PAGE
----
Linked by Thom Holwerda on Thu 5th Oct 2006 20:49 UTC, submitted by Eugenia
Ubuntu, Kubuntu, Xubuntu "Is Ubuntu an operating system? Last week at EuroOSCON, Mark Shuttleworth gave the closing keynote outlining what he believes are the major struggles faced by the open-source/free-software community. During his talk, it became clear that Ubuntu is trying to achieve a radical shift in the software world. Ubuntu isn't trying to be a platform for mass-market application software: it is trying to be the primary provider of both the operating system and all the application software that a typical user would want to run on his machine. Most Linux distributions are like this, and I think it is a dangerous trend that will stifle innovation and usability."
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Not worth the read
by thebluesgnr on Thu 5th Oct 2006 21:09 UTC
thebluesgnr
Member since:
2005-11-14

"Most Linux distributions are like this, and I think it is a dangerous trend that will stifle innovation and usability."

Actually, most operating systems are like this, including OS X and Windows. They aim to provide everything the "typical" user would want. What would you think of an OS that does nothing when you plug in an iPod? Or a digital camera? Or, when you receive a presentation it can't open it?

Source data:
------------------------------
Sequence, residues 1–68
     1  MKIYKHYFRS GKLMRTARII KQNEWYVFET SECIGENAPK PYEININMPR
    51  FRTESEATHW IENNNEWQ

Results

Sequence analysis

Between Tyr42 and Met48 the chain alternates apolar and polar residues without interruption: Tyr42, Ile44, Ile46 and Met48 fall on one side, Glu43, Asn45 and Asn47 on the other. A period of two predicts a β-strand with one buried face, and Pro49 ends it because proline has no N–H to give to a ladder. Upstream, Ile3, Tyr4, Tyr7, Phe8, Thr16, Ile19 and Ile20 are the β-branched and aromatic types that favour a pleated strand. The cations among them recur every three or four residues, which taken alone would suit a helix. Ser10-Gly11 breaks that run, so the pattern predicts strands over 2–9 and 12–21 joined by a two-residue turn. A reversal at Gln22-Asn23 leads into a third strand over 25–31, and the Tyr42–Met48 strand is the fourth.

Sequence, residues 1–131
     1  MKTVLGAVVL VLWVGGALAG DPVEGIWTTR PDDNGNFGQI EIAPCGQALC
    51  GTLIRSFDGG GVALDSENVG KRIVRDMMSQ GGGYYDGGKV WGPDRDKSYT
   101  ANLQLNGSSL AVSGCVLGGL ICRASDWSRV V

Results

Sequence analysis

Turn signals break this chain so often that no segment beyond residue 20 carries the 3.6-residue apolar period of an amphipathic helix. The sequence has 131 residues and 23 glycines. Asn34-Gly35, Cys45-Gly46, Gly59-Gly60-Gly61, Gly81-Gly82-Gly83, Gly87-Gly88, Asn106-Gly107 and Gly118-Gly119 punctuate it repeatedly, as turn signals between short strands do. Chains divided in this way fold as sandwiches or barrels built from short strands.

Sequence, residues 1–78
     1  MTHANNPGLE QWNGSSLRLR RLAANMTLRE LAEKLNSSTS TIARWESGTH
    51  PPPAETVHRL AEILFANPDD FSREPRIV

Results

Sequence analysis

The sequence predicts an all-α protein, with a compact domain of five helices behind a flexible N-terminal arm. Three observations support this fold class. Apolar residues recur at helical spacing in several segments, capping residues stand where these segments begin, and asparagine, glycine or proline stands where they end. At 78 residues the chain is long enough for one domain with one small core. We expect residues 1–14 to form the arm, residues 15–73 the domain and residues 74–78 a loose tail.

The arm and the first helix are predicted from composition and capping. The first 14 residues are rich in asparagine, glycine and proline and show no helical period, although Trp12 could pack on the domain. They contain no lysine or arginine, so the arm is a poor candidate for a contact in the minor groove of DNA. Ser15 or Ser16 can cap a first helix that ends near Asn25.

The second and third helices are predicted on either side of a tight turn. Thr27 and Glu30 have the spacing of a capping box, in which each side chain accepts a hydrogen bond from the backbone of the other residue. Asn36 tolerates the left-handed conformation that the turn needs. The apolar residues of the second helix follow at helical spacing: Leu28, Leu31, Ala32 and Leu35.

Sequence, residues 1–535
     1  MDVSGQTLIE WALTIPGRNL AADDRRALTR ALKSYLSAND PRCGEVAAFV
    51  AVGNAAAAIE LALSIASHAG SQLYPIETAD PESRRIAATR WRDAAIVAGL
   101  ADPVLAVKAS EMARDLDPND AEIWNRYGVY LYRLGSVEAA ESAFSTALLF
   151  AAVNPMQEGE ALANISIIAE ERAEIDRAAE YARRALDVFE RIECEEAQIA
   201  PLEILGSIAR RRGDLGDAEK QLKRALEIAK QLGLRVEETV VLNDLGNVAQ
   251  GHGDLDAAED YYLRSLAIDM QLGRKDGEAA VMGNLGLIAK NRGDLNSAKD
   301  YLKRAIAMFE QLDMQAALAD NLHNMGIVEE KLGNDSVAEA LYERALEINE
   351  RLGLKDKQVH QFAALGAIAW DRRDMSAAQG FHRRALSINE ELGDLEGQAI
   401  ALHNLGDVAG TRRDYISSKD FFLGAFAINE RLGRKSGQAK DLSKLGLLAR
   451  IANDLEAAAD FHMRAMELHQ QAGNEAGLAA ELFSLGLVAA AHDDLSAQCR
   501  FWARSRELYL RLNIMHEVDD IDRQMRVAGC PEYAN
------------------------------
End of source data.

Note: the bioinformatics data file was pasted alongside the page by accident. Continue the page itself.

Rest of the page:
That may be called choice for you, but for the typical user it's called a "worthless" OS. And you can still do a minimal installation of Ubuntu and then install the packages as you wish (apt-get install xorg, apt-get install gnome-desktop-environment, apt-get install gnumeric, etc).

Don't waste your time and bandwidth with this article.

Reply Score: 5

RE: Not worth the read
by flanque on Thu 5th Oct 2006 21:36 in reply to "Not worth the read"
flanque Member since:
2005-12-15

Agreed.

It does seem like a strange topic given that vendors have been trying to do this probably since the inception of the operating system.

Reply Parent Score: 1